Chick-fil-A announced yesterday that the company planned to serve chicken raised without antibiotics in restaurants nationwide within the next five years. The switch may be game changing for the fast food industry, but has been a long time coming for the chicken chain.
Three years ago, the wheels of change began spinning when health blogger and activist Vani Hari penned a post titled “ Chick-fil-A or Chemical-Fil-A ?” Hari had already challenged the nutritional value of the food at other restaurants, including frozen yogurt chain Yoforia and burrito chain Chipotle. When she discovered that Chick-fil-A's chicken sandwich contained almost 100 ingredients, she found her next target for investigation.
With the growth of social media, chains cannot afford to ignore uproar over health issues. When Hari took on Kraft for its artificial dyes in its mac and cheese, she says that stock of Annie’s, a producer of a popular organic macaroni and cheese, skyrocketed. Chick-fil-A, which is seen by many as a healthier option than other fast food chains, couldn’t afford to lose out to competitors.
In 2012, Chick-fil-A invited Hari to come to the company’s headquarters to discuss solutions. After an aborted first attempt (it was the week that the company’s PR director died and president Dan Cathy drew criticism for his opposition to gay marriage), Hari finally visited headquarters in October.
“By then I had created a really good list of things I wanted to tackle,” says Hari. “I told them a quick win would be to remove artificial food dyes from their menu… However, the first top priority would be to provide antibiotic free chicken.”
Hari’s focus on antibiotic free meat stemmed from her attendance as a delegate from North Carolina at the 2012 Democratic National Convention. “The leaders of our free world felt this was really the No. 1 issue,” says Hari.
As it has become to norm for farmers to feed healthy animals antibiotics to force weight gain, concern has increased regarding the growing level of drug-resistant bacteria. “A post-antibiotic era means, in effect, an end to modern medicine as we know it,” according to Margaret Chan, the director-general of the World Health Organization. Canada and several European countries have banned the use of antibiotics in food animals. However, in the U.S. no fast food chains are antibiotics free, and antibiotics-free fast-casuals Chipotle, Panera and Jason’s Deli remain anomalies among national chains.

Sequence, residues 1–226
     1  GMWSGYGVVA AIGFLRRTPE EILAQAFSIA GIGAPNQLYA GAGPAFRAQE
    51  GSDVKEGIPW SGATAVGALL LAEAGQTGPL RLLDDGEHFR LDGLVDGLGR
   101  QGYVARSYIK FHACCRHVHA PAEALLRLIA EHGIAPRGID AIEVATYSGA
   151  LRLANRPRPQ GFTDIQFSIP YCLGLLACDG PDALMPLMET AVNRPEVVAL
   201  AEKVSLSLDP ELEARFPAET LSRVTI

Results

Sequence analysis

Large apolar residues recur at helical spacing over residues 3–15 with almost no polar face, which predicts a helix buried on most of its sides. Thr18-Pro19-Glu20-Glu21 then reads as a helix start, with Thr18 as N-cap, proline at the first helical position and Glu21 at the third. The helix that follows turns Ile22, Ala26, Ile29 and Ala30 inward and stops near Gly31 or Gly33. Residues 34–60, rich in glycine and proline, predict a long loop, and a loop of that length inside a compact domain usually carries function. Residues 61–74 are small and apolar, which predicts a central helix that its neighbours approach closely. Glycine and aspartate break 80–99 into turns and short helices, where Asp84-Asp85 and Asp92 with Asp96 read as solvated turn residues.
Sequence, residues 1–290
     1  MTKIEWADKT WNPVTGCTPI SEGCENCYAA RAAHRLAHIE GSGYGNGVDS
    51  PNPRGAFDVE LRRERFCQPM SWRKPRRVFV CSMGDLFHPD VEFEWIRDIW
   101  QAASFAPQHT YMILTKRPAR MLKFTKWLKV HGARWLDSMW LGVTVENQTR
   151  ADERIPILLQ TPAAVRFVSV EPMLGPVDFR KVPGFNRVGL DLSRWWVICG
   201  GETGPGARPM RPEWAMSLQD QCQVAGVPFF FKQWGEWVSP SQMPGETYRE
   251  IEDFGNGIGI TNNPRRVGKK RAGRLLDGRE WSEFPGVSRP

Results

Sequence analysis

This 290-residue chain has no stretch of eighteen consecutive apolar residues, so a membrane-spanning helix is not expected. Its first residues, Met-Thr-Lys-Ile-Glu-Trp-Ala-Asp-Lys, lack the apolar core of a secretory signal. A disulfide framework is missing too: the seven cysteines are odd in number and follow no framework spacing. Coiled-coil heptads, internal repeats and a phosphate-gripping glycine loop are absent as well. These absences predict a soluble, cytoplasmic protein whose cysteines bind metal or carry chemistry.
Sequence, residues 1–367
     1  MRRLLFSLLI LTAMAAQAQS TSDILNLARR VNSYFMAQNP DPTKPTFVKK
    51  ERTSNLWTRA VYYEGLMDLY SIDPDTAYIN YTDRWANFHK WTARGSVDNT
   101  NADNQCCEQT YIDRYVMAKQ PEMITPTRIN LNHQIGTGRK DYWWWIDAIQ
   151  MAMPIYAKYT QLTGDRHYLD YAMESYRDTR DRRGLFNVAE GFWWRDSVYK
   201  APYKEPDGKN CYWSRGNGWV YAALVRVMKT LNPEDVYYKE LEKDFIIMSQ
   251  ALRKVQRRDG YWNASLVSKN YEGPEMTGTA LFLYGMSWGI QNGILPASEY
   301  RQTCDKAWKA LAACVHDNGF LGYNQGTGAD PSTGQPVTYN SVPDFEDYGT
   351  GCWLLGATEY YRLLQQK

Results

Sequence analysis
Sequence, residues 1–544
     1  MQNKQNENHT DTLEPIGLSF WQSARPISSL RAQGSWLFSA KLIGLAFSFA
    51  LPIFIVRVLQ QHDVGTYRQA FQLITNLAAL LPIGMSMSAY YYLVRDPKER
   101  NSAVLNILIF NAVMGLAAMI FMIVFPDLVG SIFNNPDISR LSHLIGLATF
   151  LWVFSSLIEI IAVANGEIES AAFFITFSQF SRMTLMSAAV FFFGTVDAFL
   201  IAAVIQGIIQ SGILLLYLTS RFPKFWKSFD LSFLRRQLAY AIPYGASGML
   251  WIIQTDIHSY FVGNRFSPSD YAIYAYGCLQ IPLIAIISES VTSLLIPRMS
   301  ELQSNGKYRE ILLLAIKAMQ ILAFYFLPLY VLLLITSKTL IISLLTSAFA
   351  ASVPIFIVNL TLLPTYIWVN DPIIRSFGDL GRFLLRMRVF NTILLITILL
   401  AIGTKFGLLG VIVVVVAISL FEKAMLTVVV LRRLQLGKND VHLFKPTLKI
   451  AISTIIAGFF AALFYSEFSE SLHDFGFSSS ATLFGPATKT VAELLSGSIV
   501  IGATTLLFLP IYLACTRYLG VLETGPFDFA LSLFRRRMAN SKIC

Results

While antibiotics free chicken was Hari’s No. 1 priority, Chick-fil-A first targeted the quick win: artificial dyes. In December, the chain announced it had removed yellow dye from its chicken soup recipe and was working to remove high fructose corn syrup and artificial ingredients from products. While Hari was thrilled, she continued to openly discuss the antibiotics issues in press surrounding the shift.
On Tuesday, Chick-fil-A showed willingness to do more than quick fixes with a plan to serve chicken raised without antibiotics within five years.
"A shift this significant will take some time, as it requires changes along every point of the supply chain – from the hatchery to the processing plant,” said Chick-fil-A’s executive vice president in a statement.
“It’s a testament to what can happen if you’re really persistent and have an amazing group of people who follow you who care not only about what they’re eating, but what everyone is eating—what’s in their food supply,” Hari says.
Hari hopes that Chick-fil-A’s change will cause a chain reaction in other fast food restaurants.
“That’s really the whole point: to inspire change across the industry,” Hari says. “KFC, McDonald’s, Burger King, Wendy’s, etc. are all going to go on notice now. Chick-fil-A, that’s their competitor. If they’re moving toward antibiotic free chicken, the rest of the industry better listen up too.”
A number of chains have taken on nutrition and sustainability in recent months. Subway, another one of Hari’s targets, removed azodicarbonamide last week following one of Hari’s petitions. Earlier in 2014, McDonald’s announced plans to begin purchasing “verified sustainable” beef by 2016. However, even as these changes are made, food activists like Hari remain adamant that there is always more work to be done.
With that in mind, what’s Hari’s next hope for Chick-fil-A?
“I would love for them to make an organic option – a 100 percent organic option,” Hari says. “I think they would see a huge demand.”
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